In “Part One of Basic Handgun Marksmanship Skills”, we looked at some firearms 101 and gave instructions for a test to determine if you are right eye dominant or left eye dominant. We also went over bone support and stance as well as safety procedures and basic rules to prevent accidental shootings. Today, we will dig into the basics of handgun selection, ammunitions, and becoming proficient in the use of your handgun. I will also share my recommendation for how to train under pressure. This is a means to prepare for the stressful situation of a self defense scenario.
Choosing a Handgun
For many people, choosing a handgun is confusing. I always ask people who are interested in buying a handgun for the first time, what they are interested in using it for. Most people I encounter in my gun store tell me that they are looking for a gun for concealed carry purposes. They are typically interested in something in the .380 class or slim single stack 9mm or .40. I always make sure to explain what they are getting. They are then not surprised the first time they pull the trigger on that compact concealed carry gun. The smaller the gun, the larger the felt recoil is going to be. As a general rule, accuracy is not going to be spectacular either. Although for typical ranges that you would be in need of defending yourself, these small guns are more than acceptable.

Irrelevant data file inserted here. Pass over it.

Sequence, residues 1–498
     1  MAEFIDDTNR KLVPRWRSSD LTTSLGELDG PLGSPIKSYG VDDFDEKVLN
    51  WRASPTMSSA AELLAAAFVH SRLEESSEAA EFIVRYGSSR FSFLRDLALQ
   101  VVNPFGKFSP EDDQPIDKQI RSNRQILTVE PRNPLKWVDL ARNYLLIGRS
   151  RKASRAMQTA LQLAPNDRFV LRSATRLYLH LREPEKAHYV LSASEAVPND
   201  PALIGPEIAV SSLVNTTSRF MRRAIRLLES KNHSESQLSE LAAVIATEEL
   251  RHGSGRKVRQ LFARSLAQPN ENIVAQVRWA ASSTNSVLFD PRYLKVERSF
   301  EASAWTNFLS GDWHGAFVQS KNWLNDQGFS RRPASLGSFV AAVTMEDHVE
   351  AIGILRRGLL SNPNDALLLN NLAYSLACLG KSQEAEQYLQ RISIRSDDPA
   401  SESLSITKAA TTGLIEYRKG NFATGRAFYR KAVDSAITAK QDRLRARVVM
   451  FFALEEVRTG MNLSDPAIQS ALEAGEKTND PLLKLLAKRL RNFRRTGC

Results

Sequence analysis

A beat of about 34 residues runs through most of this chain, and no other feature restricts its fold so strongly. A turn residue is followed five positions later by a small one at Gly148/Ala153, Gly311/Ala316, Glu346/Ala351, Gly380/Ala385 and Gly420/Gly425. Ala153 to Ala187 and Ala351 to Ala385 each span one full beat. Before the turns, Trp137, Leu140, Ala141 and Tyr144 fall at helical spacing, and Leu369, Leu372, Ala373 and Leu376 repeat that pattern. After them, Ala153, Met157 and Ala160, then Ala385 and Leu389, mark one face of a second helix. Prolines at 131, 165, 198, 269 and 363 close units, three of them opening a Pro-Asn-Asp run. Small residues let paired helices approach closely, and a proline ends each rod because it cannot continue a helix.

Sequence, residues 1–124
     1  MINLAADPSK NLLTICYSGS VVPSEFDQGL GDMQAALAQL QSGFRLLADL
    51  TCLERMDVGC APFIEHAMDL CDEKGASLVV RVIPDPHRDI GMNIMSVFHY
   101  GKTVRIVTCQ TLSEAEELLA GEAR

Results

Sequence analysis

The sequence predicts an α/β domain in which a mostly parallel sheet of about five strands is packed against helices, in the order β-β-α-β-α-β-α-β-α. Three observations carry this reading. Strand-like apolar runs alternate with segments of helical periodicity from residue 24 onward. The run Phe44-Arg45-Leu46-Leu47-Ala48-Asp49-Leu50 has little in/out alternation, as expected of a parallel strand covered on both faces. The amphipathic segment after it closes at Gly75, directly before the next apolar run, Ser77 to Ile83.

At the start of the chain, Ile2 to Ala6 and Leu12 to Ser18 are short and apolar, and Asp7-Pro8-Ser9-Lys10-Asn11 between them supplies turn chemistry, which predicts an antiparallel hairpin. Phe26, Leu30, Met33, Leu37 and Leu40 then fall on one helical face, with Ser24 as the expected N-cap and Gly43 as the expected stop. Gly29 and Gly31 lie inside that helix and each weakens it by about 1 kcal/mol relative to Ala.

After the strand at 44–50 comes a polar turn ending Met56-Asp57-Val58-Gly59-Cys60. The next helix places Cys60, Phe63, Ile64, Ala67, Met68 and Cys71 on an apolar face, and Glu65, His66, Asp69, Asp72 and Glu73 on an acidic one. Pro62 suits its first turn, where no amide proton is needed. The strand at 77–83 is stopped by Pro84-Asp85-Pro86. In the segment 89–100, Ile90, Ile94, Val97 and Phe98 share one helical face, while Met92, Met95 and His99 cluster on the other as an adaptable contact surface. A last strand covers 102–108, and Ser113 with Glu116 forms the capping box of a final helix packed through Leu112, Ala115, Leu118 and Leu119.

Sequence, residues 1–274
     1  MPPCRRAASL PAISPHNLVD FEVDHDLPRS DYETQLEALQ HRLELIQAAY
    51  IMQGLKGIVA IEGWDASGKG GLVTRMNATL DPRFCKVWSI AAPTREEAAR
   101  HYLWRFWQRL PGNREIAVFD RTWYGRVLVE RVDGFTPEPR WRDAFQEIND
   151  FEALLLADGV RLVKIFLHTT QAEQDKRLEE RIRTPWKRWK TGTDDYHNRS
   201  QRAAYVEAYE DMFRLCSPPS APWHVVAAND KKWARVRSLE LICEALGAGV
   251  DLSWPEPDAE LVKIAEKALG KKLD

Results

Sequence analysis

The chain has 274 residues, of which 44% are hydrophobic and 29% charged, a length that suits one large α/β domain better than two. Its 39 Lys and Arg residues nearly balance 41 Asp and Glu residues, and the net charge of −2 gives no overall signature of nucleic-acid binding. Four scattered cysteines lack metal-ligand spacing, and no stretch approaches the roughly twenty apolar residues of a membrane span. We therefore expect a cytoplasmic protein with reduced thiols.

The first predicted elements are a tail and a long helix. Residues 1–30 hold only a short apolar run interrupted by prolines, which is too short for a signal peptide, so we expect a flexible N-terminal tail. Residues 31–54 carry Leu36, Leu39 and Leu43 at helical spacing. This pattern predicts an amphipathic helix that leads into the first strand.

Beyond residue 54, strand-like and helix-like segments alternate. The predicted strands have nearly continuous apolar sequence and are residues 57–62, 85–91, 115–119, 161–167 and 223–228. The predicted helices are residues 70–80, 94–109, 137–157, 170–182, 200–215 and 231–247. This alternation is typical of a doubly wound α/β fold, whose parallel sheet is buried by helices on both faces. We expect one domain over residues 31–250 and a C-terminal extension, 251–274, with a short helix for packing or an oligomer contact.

For novice shooters, I always let them know that they are generally better served with something in the mid-size class. A Glock 19, 23, Ruger SR9C or SR40C, or Smith and Wesson Shield works well. This class of handguns is much easier to shoot accurately. It is not so unwieldy to not be able to be carried concealed.
If you plan on using your handgun to hunt with, you need to choose something of at least 40 caliber. However, a good .357 revolver makes a fine side arm, and some of the newer models from Taurus and Smith & Wesson hold eight rounds while allowing you the ability to also shoot .38 special rounds for practice. There is no substitute for quality either. So once you know what your intended use for a hand gun is and you are clear on the advantages and the associated limitations of each type and size, try to buy the best handgun you can afford. Revolvers and autoloaders in the 10mm class or .44 Magnum class are great for self defense in bear country. However, the cost of ammunition and the felt recoil are not for the feint of heart.